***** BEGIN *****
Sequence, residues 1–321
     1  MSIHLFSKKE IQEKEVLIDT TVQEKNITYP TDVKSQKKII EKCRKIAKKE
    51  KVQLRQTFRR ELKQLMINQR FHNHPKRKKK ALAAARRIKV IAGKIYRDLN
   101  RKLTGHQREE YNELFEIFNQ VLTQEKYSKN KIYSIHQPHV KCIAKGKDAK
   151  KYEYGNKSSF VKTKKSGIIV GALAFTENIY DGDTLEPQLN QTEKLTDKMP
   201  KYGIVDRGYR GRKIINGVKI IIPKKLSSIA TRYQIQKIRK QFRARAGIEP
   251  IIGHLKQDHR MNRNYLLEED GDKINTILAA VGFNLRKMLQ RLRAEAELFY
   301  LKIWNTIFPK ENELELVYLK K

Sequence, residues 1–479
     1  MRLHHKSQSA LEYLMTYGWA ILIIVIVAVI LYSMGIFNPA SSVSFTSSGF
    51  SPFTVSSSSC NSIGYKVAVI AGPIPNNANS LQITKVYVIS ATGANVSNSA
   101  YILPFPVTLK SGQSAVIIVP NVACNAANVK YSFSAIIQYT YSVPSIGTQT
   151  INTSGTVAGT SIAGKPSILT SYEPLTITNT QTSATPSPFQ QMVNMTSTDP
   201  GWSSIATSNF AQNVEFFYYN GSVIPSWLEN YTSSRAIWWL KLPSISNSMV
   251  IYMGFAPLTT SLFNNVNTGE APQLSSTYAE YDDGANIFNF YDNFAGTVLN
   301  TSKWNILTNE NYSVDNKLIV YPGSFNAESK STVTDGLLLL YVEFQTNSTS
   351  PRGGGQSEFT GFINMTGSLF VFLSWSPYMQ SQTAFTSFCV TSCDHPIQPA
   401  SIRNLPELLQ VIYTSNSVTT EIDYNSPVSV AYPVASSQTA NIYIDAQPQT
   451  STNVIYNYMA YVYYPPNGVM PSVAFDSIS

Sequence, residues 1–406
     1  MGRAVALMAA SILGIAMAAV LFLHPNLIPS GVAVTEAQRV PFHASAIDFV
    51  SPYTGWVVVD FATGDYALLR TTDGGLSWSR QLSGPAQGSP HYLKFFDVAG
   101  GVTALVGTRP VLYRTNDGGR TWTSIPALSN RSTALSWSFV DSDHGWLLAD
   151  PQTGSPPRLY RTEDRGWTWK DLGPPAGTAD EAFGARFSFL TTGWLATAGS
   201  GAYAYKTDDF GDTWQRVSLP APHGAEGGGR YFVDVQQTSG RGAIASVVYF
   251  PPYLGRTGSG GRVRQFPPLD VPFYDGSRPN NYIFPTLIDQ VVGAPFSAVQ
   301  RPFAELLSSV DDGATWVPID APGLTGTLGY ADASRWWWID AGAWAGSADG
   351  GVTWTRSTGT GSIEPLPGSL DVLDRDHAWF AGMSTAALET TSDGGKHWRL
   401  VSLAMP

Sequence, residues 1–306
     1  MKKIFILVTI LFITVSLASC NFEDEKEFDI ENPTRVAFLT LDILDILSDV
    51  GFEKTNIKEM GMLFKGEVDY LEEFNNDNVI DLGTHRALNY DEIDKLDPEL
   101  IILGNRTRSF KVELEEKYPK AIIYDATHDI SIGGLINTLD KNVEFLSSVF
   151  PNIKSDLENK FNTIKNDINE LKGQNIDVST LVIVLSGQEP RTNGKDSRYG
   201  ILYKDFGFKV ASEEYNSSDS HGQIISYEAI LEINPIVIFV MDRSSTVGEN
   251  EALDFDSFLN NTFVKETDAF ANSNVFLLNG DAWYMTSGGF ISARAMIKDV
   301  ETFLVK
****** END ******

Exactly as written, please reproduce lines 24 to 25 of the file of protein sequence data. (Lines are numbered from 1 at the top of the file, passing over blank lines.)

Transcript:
   151  PQTGSPPRLY RTEDRGWTWK DLGPPAGTAD EAFGARFSFL TTGWLATAGS
   201  GAYAYKTDDF GDTWQRVSLP APHGAEGGGR YFVDVQQTSG RGAIASVVYF